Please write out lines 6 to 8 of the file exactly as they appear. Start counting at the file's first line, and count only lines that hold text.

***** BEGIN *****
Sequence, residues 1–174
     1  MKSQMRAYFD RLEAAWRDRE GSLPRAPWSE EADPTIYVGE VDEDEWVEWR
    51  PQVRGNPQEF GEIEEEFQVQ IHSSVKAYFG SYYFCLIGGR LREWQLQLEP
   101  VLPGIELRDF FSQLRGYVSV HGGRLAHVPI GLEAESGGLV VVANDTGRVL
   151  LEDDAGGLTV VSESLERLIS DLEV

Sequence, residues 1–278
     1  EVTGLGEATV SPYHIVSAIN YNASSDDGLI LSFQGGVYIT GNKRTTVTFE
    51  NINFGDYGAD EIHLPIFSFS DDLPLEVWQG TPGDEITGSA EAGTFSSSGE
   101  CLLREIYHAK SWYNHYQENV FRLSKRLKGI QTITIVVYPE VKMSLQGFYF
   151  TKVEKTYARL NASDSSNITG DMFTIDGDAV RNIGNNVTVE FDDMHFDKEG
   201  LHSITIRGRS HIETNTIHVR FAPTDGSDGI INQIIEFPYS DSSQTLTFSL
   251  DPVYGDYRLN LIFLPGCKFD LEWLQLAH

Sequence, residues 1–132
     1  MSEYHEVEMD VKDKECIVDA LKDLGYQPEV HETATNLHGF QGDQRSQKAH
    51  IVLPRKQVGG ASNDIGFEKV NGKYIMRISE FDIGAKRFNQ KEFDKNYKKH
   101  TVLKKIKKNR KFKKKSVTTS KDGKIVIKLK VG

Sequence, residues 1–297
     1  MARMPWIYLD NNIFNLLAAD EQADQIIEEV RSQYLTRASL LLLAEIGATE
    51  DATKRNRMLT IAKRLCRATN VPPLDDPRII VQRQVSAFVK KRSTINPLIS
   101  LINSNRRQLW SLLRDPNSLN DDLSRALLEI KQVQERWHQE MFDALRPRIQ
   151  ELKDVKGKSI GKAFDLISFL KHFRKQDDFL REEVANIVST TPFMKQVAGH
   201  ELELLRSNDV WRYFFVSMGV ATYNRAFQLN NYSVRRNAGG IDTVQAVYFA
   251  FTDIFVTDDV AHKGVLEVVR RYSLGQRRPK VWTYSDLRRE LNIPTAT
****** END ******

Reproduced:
Sequence, residues 1–278
     1  EVTGLGEATV SPYHIVSAIN YNASSDDGLI LSFQGGVYIT GNKRTTVTFE
    51  NINFGDYGAD EIHLPIFSFS DDLPLEVWQG TPGDEITGSA EAGTFSSSGE